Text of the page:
The English Parliament disliked Charles I for four reasons: his rudeness to the members, several unconstitutional acts, terrible affinity for wasting money, and forcing the Laudian reforms upon them.
Charles I was often extremely disrespectful of Parliament, especially when he selfishly became angry. For example, in 1626, Parliament ruled that the king could not collect the tonnage and poundage tax, which he desperately wanted. Upon hearing this, he refused to listen to any of their other complaints and dismissed them early. Then, in 1629, Charles called Parliament again to ask for more money. This time, they tried to force Charles to listen to all their complaints, but in vain. Although they managed to keep the meeting going for some time, Charles became tired of it and kicked them out again. The 1640 "Short Parliament" was named well, because as soon as Parliament proposed a compromise, Charles dismissed them again in anger.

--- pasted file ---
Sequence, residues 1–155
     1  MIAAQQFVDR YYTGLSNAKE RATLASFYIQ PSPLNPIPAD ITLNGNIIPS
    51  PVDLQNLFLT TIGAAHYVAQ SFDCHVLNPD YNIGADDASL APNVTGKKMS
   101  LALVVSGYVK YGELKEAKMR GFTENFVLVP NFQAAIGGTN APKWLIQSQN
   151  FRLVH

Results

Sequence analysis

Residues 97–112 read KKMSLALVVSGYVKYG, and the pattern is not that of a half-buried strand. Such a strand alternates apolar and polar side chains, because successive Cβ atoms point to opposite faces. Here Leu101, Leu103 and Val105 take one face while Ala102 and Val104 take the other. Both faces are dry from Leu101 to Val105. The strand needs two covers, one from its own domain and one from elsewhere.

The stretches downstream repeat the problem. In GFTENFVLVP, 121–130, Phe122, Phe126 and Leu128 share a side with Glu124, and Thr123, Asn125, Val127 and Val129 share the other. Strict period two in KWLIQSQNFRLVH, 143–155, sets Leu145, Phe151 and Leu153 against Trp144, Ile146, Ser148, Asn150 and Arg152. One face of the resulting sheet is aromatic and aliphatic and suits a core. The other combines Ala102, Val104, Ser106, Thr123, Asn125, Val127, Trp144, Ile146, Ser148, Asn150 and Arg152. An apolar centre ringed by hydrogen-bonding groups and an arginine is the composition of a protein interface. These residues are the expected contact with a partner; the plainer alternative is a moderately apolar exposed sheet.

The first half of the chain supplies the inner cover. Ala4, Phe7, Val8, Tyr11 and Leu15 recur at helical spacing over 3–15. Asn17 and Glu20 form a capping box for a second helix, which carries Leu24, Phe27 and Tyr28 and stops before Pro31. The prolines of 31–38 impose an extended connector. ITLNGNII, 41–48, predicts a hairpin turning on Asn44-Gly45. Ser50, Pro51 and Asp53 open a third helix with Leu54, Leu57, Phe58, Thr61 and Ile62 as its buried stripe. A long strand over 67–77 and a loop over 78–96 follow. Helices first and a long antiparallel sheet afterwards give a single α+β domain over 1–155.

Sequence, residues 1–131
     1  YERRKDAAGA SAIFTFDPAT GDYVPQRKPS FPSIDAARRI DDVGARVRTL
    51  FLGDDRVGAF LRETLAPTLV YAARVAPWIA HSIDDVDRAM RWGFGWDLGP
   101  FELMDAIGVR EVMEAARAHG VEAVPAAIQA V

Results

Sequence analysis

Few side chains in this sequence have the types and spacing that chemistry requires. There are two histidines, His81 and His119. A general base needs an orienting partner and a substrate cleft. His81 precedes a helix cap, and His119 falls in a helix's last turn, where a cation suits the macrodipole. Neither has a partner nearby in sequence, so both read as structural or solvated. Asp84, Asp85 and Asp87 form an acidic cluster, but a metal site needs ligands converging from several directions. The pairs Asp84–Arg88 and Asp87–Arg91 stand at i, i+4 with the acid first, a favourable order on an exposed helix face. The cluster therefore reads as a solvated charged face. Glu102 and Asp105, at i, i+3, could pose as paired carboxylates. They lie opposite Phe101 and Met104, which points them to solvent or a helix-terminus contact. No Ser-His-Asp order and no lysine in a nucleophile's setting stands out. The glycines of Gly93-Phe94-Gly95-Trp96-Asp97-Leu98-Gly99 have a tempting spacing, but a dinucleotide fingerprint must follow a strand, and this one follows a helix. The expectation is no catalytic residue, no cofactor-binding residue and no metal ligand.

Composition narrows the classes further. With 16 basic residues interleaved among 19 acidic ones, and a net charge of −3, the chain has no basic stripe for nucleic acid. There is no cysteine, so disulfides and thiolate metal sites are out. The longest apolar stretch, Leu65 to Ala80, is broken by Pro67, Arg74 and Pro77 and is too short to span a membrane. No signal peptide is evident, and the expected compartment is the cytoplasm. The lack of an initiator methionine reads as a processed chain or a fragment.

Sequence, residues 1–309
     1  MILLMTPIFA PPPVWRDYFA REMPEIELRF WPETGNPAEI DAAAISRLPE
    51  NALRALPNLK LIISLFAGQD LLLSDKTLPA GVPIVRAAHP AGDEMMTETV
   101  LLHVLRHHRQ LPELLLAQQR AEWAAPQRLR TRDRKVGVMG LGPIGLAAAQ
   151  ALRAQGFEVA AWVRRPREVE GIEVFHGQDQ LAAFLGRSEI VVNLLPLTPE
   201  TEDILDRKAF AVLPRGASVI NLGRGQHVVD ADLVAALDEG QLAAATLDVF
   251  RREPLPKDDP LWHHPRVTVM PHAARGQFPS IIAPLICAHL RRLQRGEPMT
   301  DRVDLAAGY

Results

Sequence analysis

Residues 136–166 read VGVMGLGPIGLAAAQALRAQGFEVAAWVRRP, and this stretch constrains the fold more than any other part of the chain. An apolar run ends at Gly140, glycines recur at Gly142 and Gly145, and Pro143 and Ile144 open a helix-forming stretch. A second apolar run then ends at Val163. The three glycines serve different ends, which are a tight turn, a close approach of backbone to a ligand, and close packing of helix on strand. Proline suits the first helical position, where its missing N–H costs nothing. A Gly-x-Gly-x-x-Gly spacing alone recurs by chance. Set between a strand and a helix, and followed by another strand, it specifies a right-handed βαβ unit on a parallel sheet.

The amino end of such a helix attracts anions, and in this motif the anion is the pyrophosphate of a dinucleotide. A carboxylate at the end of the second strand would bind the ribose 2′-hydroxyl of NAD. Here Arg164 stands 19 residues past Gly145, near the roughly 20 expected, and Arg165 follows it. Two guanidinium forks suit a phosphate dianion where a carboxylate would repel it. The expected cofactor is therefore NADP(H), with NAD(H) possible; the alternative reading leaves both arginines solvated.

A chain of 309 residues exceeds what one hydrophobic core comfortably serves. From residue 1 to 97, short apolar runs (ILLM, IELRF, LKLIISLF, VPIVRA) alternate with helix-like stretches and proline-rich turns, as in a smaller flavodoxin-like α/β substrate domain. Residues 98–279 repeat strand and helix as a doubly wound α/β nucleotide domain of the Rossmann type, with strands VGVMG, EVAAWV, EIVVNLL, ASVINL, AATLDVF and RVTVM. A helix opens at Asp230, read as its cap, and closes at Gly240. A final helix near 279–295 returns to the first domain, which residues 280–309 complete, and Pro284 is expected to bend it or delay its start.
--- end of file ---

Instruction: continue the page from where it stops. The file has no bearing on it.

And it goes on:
Parliament also hated Charles for his unfair ways of getting money to fund expensive military campaigns. For example, in 1628, he sent his officials to collect a "forced loan" to fight for the Protestant cause in the 30 Years War. People who refused to give Charles money were arrested, an tyrannical, unconstitutional act. However, the main act that got onto people's nerves most was Charles's bringing back of old taxes that hadn't been enforced since medieval times. Charles's ship money tax upset people the most. It was an old wartime tax for coastal cities to pay for naval protection. Charles extended this tax from port cities to all cities, which was a blatantly unconstitutional action. It ended up bringing in Ã¢ÂÂ¤200,000 annually, which was a huge amount of money, but he lost even more supporters.
Furthermore, Charles wasted a lot of money on ineffective military campaigns, which...